Psychology researcher Linda Henkel of Fairfield University in Connecticut took 28 undergrads to the Bellarmine Museum of Art on campus and assigned them works of art to view and others to simply photograph. The next day they were given photo recognition tests and quizzed on specific details. In a second experiment, more students were taken to the museum but this time they were told to view works, to photograph another set of works, and to take close-up photos of another set.

Henkel found that students remembered more about the works that they took time to view and the works that they zoomed in on. She explained that the photos could potentially help with long-term memory, but only if they engaged with the photos in some way instead of simply taking them and storing them away. As a follow-up study, Henkel plans to give her students the choice of which works they want to photograph and which they want to view to see if personal interests have an effect on short-term memory.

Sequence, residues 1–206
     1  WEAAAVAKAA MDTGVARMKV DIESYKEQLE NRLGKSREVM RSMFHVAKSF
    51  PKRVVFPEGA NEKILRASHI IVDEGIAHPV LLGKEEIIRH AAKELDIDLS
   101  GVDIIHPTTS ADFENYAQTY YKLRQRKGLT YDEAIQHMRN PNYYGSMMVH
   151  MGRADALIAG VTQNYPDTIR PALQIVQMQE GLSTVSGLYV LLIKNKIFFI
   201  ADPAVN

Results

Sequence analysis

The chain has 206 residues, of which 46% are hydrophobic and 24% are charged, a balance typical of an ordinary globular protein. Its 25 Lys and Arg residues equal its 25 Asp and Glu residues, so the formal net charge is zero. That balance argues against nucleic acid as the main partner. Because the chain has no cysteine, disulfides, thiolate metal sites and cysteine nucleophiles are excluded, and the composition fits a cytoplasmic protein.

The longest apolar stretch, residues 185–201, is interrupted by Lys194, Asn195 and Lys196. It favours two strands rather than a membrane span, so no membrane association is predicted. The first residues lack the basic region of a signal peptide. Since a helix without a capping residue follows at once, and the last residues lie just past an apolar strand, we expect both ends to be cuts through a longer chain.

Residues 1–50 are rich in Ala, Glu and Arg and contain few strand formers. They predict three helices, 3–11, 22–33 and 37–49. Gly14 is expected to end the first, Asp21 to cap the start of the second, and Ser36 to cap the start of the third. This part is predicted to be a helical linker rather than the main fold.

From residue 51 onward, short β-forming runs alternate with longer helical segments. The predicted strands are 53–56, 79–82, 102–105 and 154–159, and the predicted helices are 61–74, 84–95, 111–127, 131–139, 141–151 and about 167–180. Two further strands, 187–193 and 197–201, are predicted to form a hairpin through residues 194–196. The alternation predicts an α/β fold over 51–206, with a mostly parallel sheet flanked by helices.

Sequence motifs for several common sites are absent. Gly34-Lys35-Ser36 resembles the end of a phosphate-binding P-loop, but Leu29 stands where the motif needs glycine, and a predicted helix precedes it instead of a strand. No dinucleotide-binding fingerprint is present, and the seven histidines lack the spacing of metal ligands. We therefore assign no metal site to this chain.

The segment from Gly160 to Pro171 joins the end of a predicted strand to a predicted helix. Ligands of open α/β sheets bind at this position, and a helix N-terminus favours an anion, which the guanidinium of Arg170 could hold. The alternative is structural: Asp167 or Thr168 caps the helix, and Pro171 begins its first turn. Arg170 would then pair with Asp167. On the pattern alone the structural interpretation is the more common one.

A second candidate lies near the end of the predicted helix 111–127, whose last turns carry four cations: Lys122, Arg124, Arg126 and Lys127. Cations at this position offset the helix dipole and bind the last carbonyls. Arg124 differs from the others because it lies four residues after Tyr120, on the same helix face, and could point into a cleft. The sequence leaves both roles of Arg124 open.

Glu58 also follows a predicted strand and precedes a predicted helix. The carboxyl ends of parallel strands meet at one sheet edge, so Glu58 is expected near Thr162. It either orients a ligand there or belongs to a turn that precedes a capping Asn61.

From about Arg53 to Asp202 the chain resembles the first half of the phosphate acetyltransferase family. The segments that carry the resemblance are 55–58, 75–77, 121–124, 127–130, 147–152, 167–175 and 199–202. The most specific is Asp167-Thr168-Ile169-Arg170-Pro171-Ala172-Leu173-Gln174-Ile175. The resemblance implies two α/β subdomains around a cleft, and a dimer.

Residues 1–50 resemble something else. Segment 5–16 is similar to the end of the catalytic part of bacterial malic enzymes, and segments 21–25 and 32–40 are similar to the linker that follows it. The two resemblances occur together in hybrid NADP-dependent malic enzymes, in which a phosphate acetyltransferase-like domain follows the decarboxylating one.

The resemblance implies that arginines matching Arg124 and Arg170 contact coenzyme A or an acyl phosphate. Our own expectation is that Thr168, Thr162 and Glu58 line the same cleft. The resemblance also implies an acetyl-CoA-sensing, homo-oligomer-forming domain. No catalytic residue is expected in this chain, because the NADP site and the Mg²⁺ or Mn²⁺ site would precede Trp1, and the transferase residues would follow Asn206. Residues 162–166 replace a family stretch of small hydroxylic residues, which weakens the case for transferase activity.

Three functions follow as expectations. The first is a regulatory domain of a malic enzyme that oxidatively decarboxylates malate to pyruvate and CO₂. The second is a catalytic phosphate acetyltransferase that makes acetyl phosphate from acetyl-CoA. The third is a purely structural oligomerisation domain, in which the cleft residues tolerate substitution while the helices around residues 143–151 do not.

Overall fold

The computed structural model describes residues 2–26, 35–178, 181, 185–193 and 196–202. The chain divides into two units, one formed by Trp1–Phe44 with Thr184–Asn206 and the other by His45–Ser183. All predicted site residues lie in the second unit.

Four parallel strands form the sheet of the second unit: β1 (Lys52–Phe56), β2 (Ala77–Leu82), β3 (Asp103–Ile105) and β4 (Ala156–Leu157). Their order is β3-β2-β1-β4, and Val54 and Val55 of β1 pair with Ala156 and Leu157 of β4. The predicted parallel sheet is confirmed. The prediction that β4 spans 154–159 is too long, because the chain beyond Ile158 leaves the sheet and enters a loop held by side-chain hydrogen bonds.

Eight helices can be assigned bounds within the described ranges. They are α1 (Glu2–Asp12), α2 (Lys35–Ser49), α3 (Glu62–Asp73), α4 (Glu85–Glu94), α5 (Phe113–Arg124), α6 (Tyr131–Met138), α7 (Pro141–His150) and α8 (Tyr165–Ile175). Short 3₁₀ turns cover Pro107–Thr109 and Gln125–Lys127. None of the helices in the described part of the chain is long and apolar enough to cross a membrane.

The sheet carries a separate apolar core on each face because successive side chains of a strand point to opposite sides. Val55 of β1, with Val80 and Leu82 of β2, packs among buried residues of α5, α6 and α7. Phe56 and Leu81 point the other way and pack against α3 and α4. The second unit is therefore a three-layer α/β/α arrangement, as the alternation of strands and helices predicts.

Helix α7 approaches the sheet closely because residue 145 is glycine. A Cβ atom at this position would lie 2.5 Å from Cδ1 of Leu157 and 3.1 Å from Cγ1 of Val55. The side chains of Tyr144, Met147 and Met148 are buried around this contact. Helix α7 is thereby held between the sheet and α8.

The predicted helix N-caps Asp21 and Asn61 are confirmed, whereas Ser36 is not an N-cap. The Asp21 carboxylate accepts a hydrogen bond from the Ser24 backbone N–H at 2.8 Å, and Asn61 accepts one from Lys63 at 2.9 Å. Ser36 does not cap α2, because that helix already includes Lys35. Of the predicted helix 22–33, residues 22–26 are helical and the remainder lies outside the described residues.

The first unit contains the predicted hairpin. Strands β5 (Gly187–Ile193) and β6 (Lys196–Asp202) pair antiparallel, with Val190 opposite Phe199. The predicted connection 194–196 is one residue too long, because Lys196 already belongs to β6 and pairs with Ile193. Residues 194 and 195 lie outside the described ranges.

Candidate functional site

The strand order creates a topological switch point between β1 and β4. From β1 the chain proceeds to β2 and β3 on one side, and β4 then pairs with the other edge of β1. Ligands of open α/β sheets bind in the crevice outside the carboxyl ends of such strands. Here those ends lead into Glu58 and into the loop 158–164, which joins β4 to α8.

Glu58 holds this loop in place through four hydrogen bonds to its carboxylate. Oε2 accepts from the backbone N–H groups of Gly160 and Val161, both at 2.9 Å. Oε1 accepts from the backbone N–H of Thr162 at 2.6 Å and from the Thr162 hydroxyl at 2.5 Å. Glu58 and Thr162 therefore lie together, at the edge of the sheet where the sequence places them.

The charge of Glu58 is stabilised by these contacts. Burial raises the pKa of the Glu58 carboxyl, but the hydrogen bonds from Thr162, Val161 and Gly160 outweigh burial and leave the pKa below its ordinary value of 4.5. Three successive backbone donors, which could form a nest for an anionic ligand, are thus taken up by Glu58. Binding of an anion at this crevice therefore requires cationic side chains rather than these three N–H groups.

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[via LiveScience

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